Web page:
MEF and primary neuronal cultures at 2 days or 9 days after plating, respectively, were infected with MCMVs at different multiplicities of infection (MOIs) as follows: MEF at 0.1, 0.3 or 1 plaque forming units (PFU)/cell and primary neuronal cultures at 0.3, 1 or 3 PFU/cell. To determine the time courses of viral titers, MEF and primary neuronal cultures infected with MCMVs at MOIs of 1 and 3, respectively, were used. At different numbers of days post-infection (dpi), three 50-µl samples of culture supernatant in each MCMV-infected group were collected. The viral titers were measured by a plaque assay. MEF and primary neuronal cultures on glass coverslips were fixed at 2 and 4 days after the infection, respectively, by 4% paraformaldehyde (PFA) in 0.1 M phosphate buffer (PB) for 20 min at room temperature, stored in PBS with 5% FBS and 0.1% sodium azide at 4 °C, and followed by the immunofluorescence.
For the infection of the neonatal mouse brain, 1 day after birth, 4 × 104 PFU of MCMVs in 5 µl of minimum essential medium (MEM) was injected into the right cerebral hemisphere of neonatal mice under cryoanesthesia using a 10-μl Hamilton syringe with a 27-gauge needle from the midpoint between the ear and eye. At 7 or 11 dpi, mice were killed under anesthesia with ether. The brains were removed, stored at –80 °C and used for plaque assays or reverse transcription-polymerase chain reaction (RT-PCR) assays. At 3, 7 or 11 dpi, the brains for histological analysis were fixed by perfusion with 4% PFA, removed, fixed for 2 days at 4 ºC, immersed in 30% sucrose for 2 days and quickly frozen in n-hexane at − 80 °C. Coronal sections used for the detection of EGFP fluorescence and immunofluorescence were cut at 60 µm using a cryostat and stored in PBS with 5% FBS and 0.1% sodium azide at 4 °C, while the sections for the immunohistochemistry were cut at 10 µm, air-dried and stored at –80 °C.
Immunofluorescence, immunohistochemistry and cell counts
MCMV-E1 nuclear antigen (Ag) was detected by mouse monoclonal antibody (mAb) clone D5 (IgG2a; 1:1, [24, 54]). MCMV-IE3 nuclear Ag was detected by rat polyclonal Ab (pAb; 1:1000, ). MCMV-M45 cytoplasmic Ag was detected by rat mAb clone Q3 (1:1, ).
For immunofluorescence, in addition to MCMV-E1 or -M45, neurons were stained by Ab specific for NeuN (mouse mAb, clone A60, IgG1, 1:500, Millipore, Merck, #MAB377) or MAP2 (rabbit pAb, 1:100, abcam, #ab32454 Cambridge, UK). Astrocytes were stained by rabbit pAb specific for GFAP (1:1, DAKO, Agilent, #GA524, Santa Clara, CA). The following secondary antibodies, purchased from Invitrogen, Thermo Fisher Scientific, were used at a 1:500 dilution; Alexa Fluor 546 anti-mouse IgG2a (#A-21133), anti-mouse IgG1 (#A-21123), -rabbit IgG (#A-11035) or -rat IgG (#A-11081). Nuclei were stained with 4′,6-diamidino-2-phenylindole, dihydrochloride (DAPI) (Sigma-Aldrich, #D9542). Immunostained cells on coverslips or sections were mounted with ProLong Gold antifade reagent (Invitrogen, #P36934).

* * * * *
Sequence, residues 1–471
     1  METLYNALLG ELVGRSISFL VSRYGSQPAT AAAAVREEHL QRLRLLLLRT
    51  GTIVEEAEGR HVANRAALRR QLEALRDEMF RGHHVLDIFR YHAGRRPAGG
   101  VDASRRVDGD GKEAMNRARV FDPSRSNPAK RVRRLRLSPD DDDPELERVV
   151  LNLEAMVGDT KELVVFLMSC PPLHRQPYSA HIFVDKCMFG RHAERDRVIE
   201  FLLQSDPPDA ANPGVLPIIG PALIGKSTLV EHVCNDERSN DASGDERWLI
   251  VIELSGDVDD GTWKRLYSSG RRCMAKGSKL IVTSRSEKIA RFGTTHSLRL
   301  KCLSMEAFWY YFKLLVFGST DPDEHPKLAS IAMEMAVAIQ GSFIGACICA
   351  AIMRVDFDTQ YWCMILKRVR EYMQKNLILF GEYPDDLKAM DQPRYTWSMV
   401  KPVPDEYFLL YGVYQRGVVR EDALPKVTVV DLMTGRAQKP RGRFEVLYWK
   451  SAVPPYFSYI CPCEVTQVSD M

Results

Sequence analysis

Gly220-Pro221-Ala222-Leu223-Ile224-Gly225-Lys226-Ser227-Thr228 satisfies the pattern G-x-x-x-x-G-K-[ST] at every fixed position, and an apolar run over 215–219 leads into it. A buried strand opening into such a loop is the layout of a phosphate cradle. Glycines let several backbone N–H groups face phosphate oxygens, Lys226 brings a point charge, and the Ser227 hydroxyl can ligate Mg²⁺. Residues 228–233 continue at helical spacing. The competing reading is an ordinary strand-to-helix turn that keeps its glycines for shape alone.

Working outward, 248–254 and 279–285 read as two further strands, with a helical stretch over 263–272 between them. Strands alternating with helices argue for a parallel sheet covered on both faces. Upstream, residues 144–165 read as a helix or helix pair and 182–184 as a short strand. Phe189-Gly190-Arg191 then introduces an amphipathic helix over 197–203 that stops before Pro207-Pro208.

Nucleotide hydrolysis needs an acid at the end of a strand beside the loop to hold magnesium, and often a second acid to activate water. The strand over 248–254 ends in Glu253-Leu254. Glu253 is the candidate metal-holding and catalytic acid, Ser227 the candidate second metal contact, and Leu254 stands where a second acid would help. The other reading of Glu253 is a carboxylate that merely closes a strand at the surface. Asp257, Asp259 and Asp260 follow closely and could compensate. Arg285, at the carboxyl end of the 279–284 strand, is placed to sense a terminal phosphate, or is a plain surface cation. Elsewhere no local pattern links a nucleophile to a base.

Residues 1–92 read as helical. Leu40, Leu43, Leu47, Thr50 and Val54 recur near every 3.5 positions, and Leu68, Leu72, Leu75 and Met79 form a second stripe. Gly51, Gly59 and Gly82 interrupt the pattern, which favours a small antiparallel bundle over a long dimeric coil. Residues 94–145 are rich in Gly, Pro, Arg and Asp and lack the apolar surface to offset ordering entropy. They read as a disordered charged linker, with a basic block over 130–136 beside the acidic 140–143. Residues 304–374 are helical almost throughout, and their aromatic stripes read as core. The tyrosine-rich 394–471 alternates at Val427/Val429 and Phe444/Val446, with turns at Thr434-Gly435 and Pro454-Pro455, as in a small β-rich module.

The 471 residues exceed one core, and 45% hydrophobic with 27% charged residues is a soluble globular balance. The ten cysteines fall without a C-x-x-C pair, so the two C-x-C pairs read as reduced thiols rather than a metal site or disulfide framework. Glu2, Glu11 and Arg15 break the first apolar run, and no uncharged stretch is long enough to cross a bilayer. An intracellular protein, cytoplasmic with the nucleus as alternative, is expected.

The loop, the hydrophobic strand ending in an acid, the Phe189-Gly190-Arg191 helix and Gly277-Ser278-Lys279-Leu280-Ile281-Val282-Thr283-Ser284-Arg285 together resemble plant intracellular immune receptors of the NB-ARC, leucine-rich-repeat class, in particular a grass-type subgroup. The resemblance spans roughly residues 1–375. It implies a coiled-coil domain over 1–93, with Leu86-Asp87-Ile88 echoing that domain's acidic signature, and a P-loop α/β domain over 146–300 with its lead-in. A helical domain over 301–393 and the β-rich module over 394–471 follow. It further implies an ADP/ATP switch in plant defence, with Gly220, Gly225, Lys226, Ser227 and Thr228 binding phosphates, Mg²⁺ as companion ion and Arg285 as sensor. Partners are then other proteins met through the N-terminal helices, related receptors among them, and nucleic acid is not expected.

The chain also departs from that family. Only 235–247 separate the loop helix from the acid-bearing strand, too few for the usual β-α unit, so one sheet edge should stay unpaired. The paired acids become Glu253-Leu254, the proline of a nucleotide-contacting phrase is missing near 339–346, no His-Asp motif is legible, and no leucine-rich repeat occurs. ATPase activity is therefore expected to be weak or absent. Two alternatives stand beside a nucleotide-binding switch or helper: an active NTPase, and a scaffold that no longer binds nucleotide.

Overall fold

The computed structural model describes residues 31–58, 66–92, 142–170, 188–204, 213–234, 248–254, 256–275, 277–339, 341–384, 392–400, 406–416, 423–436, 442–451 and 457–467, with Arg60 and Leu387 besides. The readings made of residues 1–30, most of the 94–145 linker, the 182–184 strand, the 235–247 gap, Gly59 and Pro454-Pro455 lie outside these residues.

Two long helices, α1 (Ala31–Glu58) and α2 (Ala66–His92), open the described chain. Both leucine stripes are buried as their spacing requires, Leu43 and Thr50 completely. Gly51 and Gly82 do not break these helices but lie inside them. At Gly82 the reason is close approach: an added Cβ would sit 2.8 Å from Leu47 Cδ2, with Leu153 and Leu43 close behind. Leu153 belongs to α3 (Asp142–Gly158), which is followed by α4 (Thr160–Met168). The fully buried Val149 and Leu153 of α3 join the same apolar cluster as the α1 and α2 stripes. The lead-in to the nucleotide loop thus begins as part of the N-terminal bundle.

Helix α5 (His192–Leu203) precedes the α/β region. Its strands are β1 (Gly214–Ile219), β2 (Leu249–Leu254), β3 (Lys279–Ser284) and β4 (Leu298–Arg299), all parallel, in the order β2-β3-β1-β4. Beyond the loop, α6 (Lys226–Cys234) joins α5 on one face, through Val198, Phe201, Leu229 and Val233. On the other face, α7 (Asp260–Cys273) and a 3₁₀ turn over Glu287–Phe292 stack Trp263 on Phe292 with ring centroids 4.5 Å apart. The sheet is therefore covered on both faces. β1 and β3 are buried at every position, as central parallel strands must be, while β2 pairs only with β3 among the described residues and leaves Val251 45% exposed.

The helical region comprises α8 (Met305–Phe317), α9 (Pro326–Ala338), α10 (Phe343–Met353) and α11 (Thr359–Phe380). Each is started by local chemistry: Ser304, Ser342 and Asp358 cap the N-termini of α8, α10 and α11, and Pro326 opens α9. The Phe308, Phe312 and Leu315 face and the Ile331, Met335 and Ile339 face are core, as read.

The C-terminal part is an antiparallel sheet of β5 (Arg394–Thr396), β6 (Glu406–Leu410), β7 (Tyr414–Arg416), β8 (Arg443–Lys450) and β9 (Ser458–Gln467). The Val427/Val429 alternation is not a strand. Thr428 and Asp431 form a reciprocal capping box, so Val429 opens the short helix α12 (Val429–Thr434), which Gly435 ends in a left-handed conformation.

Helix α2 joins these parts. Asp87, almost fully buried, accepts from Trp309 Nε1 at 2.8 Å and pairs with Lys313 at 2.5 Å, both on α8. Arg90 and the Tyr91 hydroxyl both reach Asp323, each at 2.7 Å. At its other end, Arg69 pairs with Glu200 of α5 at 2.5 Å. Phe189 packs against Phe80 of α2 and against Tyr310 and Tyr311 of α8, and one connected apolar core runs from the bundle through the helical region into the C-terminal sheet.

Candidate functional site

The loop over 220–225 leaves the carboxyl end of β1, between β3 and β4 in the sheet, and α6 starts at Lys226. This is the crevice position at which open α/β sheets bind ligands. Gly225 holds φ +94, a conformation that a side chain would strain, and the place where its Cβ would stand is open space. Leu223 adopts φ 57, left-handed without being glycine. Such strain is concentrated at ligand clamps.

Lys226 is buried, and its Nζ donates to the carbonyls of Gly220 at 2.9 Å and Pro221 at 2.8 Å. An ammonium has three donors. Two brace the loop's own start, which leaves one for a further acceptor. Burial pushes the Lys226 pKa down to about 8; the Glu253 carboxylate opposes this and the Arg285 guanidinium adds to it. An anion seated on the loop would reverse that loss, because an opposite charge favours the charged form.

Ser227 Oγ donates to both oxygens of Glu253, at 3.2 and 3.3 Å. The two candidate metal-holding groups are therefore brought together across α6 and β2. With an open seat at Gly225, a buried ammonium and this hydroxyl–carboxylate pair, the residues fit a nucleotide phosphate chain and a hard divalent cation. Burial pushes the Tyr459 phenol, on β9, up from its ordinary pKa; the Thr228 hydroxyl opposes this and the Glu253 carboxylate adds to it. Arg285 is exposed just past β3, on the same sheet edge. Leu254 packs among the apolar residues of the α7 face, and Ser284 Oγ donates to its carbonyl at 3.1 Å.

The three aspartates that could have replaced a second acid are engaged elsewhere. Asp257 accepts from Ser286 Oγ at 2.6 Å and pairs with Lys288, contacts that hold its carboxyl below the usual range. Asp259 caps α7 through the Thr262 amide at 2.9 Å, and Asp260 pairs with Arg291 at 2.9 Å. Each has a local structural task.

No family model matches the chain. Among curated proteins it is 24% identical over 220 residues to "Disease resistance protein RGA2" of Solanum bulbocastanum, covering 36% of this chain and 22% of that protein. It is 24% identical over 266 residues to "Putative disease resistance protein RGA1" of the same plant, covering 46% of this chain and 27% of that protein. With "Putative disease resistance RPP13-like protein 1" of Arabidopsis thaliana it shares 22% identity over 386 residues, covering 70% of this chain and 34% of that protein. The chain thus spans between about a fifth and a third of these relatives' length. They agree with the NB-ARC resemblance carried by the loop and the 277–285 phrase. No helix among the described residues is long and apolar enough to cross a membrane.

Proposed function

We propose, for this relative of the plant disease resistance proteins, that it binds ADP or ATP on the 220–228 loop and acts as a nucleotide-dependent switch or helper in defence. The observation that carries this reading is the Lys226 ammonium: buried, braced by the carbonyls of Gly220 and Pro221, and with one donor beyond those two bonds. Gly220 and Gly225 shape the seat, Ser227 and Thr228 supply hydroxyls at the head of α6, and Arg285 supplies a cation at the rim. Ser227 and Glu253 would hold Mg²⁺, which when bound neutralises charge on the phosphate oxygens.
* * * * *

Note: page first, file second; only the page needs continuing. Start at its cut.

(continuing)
For immunohistochemistry, after microwave treatment, brain sections were reacted with anti-E1 mouse mAb D5, anti-IE3 rat pAb, anti-M45 rat mAb Q3 or anti-EGFP rabbit pAb (1:100, abcam, #ab6556). The sections, except for those reacted with mAb D5, were subsequently reacted with horseradish peroxidase (HRP)-conjugated goat anti-rat IgG pAb (N-Histofine simple stain mouse MAX-PO(Rat); 1:1, Nichirei Bioscience, #414311, Tokyo, Japan) or HRP-conjugated goat anti-rabbit IgG (N-Histofine simple stain mouse MAX-PO(R); 1:1, Nichirei Bioscience, #414341). The sections reacted with mAb D5 were reacted with Alexa Fluor 546 goat anti-mouse IgG2a (1:500) and then with HRP-conjugated rabbit anti-goat IgG (N-Histofine simple stain mouse MAX-PO(G); 1:1, Nichirei Bioscience, #414331). The sections were colored with 3,3-diaminobenzidine tetrahydrochloride (DAB; DAKO, #K3467). Nuclei were counterstained with hematoxylin.
Phase contrast and immunofluorescence images (Figs. 3, 4) were taken using an Olympus IX-70 fluorescence microscope with a DP-70 digital camera system (Olympus, Tokyo, Japan). Cerebral images of EGFP fluorescence (Fig. 6) were taken using a BZ-9000 Biorevo microscope (Keyence, Osaka, Japan). Confocal images were captured using a Leica TCS SP8 microscope with Leica LAS X software (Leica, Wetzlar, German) (Fig. 5) and an Olympus FV1000-D microscope with Fluoview software (Figs. 7, 8). A stack of 5 images from 0.5-µm step slices was combined for the analysis.